Can’t afford to lose Galwan, says kin of man valley is named after

Mohd Amin said all sections of society in Ladakh, including Muslims, Buddhists and other communities, stand solidly behind the Indian troops.

Published: 25th June 2020 10:28 AM  |   Last Updated: 25th June 2020 10:28 AM   |  A+A-

Indian soldiers walk at the foothills of a mountain range near Leh. India is scaling up its military presence in the area following the Galwan Valley clash | AFP

Express News Service

SRINAGAR: Mohammad Amin Galwan, grandson of Ghulam Rasool Galwan — the Ladakhi explorer on whose name the Galwan Valley lying along the LAC has been named — asserted that the Galwan Valley was, is and will remain part of India. If diplomacy fails to resolve the ongoing standoff, the government should not shy away from going to war to wrest control of the Galwan Valley and other Indian territories currently under control of China, he said.

Mohd Amin, a retired government employee, told said the Galwan Valley is strategically very important for India and under no circumstances should the Army should allow its control to be with the PLA troops. “Even after the 1962 war, Galwan Valley remained with India,” he said. The Valley was named after Ghulam Rasool Galwan by the British in 1893-94 after he found path to the area and helped rescue a group of British explorers who were caught in a dead-end on a mountain during their expedition through the treacherous Himalayas.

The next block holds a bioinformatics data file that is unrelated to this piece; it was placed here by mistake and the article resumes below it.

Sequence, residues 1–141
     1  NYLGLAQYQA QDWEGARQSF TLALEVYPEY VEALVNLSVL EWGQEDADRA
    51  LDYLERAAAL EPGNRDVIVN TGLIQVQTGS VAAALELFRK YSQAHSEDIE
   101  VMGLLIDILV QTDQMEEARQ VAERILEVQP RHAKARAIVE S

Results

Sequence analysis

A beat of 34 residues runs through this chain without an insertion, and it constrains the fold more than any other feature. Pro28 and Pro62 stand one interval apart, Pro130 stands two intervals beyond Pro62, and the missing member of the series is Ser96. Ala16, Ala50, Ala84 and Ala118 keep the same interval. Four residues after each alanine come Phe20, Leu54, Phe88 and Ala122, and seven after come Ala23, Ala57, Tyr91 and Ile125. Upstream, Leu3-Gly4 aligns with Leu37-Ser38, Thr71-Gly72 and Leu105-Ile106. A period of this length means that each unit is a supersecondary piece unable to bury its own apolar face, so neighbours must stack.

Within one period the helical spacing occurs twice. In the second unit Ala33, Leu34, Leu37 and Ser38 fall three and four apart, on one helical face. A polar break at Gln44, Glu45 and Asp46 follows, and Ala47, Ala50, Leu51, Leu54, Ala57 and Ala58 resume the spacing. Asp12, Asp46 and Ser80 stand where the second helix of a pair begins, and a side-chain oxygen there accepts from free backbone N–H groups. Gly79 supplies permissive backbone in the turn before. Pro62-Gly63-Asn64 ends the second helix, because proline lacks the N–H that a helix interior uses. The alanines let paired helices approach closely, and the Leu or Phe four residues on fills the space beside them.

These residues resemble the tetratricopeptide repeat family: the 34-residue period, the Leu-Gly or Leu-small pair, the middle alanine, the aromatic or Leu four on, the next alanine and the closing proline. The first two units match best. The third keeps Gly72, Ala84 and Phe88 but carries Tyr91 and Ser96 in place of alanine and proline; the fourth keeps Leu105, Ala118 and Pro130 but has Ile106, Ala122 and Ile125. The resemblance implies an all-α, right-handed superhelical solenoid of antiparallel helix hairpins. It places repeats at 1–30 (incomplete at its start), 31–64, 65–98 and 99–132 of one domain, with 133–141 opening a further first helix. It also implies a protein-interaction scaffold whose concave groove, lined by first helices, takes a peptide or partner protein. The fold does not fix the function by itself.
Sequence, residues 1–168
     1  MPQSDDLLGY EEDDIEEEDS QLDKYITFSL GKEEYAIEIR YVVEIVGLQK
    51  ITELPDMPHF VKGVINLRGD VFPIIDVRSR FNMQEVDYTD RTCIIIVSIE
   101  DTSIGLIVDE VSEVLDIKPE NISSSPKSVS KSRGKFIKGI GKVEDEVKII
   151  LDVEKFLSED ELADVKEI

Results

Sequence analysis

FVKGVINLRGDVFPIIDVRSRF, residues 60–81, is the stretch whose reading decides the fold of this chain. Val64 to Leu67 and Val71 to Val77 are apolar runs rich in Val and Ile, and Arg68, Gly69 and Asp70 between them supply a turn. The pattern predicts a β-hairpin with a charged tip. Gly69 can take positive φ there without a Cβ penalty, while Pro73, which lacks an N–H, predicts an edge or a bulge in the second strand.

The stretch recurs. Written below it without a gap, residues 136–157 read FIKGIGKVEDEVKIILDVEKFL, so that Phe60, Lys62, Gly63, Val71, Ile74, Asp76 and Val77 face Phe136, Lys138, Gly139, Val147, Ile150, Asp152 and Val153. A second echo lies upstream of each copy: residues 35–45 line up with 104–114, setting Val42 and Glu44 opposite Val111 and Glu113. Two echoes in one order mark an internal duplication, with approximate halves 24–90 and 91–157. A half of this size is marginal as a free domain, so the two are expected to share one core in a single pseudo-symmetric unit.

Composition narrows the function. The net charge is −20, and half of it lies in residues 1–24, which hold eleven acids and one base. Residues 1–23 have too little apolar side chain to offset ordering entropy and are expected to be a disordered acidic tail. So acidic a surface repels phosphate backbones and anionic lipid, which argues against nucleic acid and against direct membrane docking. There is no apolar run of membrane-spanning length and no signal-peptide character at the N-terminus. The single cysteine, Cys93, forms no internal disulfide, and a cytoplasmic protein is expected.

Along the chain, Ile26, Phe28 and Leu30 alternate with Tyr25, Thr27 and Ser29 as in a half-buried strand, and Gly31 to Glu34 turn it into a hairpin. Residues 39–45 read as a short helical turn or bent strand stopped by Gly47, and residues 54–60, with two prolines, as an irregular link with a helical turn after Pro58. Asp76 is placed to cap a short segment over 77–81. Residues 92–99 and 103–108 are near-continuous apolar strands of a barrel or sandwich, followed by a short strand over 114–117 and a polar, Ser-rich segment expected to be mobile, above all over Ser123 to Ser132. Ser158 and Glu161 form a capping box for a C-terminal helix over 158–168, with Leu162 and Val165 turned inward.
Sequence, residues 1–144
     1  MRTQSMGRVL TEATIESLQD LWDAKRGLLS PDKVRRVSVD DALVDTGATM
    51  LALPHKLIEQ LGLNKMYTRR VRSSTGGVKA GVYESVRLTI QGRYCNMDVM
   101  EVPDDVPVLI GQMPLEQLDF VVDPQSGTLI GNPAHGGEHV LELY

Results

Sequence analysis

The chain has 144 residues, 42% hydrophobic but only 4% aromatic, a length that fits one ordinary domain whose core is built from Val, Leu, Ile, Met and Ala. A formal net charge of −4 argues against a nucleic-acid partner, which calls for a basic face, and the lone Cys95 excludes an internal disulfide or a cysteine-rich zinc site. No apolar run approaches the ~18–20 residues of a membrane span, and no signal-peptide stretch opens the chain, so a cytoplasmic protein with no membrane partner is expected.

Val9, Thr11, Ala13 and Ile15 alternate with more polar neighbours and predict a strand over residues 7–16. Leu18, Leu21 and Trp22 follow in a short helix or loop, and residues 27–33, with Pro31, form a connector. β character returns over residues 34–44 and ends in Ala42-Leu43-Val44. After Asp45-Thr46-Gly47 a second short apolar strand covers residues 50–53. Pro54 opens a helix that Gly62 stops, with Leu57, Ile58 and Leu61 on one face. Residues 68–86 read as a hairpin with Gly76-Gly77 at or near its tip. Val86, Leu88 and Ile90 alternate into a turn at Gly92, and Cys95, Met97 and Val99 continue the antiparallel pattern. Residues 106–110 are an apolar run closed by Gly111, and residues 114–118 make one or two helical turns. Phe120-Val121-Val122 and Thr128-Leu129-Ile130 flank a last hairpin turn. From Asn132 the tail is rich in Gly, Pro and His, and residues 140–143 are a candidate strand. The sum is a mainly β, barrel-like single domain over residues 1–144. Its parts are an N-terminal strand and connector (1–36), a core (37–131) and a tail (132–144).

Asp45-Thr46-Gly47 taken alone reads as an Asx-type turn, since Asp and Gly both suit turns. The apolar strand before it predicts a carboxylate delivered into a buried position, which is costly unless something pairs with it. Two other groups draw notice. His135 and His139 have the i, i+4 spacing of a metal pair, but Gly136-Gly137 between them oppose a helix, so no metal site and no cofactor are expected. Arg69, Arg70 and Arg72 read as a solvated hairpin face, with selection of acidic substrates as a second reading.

Mohd Amin said all sections of society in Ladakh, including Muslims, Buddhists and other communities, stand solidly behind the Indian troops and are ready to help them in case of military confrontation.  He, however, cautioned that if the government allows China to take even a few inches of the Galwan Valley, then tomorrow the Chinese troops may enter Leh. “Under no circumstances should we cede control of Galwan Valley or any part of Pangong Lake to China. If that happens, India will always be facing a bigger threat,” he said. Mohd Amin said India should give diplomacy a chance to restore control over Galwan Valley as war would lead to large scale devastation on both sides. “But in case diplomacy fails, India should not show any weakness and should not shy away from going to war.”

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